As a contractor, I went through the NSA SCI Access application process, investigation and poly. Following the poly I was denied. I requested the reasons, and then started the appeal process, submitting an explanation that addressed the reaons for denial, and asking for reconsideration. In response, I received a decision granting me eligibility for reprocessing, meaning my company could then resubmit me for the access, without any waiting period required. Does this mean the original denial was vacated?
That’s a new one on me. How long did all this take, from the time you were denied to the time you were informed you were ‘eligible for reprocessing?’
It sounds like you mitigated the concerns in the initial denial but you were taken out of the queue for SCI processing, most probably because the position for which you were put in for the access was filled by someone else. Did you give the decision letter to your company? It is up to them whether or not to resubmit you as an applicant.
Thanks for your responses. This was almost thirty years ago, so the process may have changed considerably. I was given the decision, then ten days to request the reasons. Once I got the reasons, I had thirty days to respond to them in writing, addressing the reasons. Apparently my reasons did provide some rationale for modifying the decision to deny, since what I got back was that I could then be resubmitted. I’m fairly sure I was not taken out of the queue, just that the request for access needed to be resubmitted. It’s all a bit confusing. What is unclear to me is whether the decision to deny was in some way set aside or nullified, much like a judicial decision. When an appeal is granted, isn’t the original decision set aside?
I think Marko is correct. A company needs fill a seat and at times will submit multiple people for a clearance at that level in hopes they get one cleared fast and can then offer other positions to those eventually clearing. Is it gaming the system? Well. Hate the game not the player I suppose. As long as a company can be in contract default if a seat goes unfilled this practice will never end.I am a much bigger fan of better screening at the initial security interview. Since I took 100% control of this process from a less than stellar HR person I have not had a single rejection. This doesn’t’ mean I won’t experience any due to a candidate telling lies, but I know what to look for, how to ask questions, how to probe certain answers. I won’t submit if finances aren’t in good standing or if recreational drug use is too current.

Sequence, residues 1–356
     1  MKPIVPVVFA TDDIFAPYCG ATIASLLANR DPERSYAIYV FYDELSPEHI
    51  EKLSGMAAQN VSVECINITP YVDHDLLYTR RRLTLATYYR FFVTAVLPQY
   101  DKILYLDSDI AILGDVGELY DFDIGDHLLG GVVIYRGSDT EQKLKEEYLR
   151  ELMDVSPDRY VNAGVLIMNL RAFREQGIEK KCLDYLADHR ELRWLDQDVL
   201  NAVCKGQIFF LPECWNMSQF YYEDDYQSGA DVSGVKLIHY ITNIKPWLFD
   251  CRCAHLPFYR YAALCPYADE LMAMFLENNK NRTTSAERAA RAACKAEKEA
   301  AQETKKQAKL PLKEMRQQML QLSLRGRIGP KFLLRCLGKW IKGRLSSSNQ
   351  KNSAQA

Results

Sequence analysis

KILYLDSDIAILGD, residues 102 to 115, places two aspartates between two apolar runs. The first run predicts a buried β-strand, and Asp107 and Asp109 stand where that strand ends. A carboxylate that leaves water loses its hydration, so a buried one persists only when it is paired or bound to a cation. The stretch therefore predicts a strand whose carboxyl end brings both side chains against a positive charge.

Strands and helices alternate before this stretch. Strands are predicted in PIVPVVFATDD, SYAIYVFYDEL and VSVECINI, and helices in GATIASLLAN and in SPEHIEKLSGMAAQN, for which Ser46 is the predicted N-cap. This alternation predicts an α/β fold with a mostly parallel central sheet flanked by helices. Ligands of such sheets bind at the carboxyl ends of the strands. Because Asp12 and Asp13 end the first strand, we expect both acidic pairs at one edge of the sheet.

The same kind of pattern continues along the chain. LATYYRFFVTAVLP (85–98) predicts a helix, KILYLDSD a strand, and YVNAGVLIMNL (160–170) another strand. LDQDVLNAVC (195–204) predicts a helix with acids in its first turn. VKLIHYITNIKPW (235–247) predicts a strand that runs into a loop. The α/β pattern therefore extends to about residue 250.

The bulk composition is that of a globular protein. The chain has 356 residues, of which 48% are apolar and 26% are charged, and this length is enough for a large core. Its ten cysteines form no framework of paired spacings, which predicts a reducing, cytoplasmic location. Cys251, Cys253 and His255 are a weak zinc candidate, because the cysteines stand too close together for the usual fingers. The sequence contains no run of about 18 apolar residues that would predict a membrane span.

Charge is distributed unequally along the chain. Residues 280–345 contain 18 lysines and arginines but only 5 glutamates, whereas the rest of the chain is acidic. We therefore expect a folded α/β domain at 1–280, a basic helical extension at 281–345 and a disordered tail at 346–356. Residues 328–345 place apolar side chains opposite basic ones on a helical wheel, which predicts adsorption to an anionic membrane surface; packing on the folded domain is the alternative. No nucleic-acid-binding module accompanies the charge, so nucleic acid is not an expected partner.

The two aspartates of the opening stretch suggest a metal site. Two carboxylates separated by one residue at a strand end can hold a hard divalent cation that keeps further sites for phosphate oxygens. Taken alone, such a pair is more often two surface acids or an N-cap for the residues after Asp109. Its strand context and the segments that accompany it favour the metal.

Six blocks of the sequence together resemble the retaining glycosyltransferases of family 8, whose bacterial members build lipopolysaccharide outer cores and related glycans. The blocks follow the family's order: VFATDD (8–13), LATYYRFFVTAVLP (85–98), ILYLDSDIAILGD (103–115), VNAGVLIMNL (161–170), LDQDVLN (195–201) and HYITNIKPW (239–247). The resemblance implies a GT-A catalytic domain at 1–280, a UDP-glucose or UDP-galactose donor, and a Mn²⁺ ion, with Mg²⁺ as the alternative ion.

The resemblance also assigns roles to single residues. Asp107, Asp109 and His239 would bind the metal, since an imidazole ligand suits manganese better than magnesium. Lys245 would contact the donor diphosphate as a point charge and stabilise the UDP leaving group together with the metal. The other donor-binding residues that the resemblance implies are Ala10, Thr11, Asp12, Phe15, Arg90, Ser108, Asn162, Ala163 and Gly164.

If this company or any others will submit you, include the letter. It shows you have addressed the situation and are eligible for reconsideration, and you weren’t required to wait 365 days.
My bottom line question is: When asked if I was denied access or a clearance, is the answer yes or no? It seems like the process was interrupted before a final decision was made, because I chose not to pursue it after I got this reply.
Just to be safe I would put yes and what you wrote in your initial post. It will not affect current clearance processing because it was so long ago and if the issues at hand then are no longer present.
Thanks - that sounds like the way to go. The issues that were at hand are no longer present, and have not been for over 30 years. This is reassuring, and in a process like this, that helps a lot. Thanks as well to amberbunny and sbusquirrel.
Occasionally an Intel Agency will deny a clearance based solely on information provided by the applicant (SF86, FNC forms, Subject Interview) without completing a security clearance investigation. If the applicant is successful in rebutting the Letter of Denial, the applicant is required to resubmit for the clearance, because by then the SF86 is stale. If the applicant was originally sponsored by a contractor, then there’s the issue of whether they still have clearance sponsorship. Since Intel Agencies issue Letters of Denial rather than Letters of Intent, you were denied clearance even though you ultimately had the denial reversed and consequently must now and forever indicate the clearance denial on an SF86. Obviously you should explain somewhere on the SF86 or Q86 that the decision was reversed.
Were you denied based on an unsuccessful poly? If yes, but you were successful in your appeal and granted reprocessing, does this mean you still need to poly again? Or are they essentially saying they are disregarding your poly results?
Those are among the questions whose answers are unclear to me.
Thanks - I believe you have nailed it.
I have seen employees get called back for 3 Poly’s and then 2 subsequent interviews in an attempt to resolve something. So yes a situation may be somewhat unresolved and there may be a physiological “white coat syndrome” situation presenting itself. You will be nervous, anxious and keyed up. By design. If you are not they will work hard to get you off balance and take you there. In the end if there is nothing to resolve and the interviews feel there is nothing to probe…you can be cleared. Not the same thing as saying the poly is disregarded but end result is the same.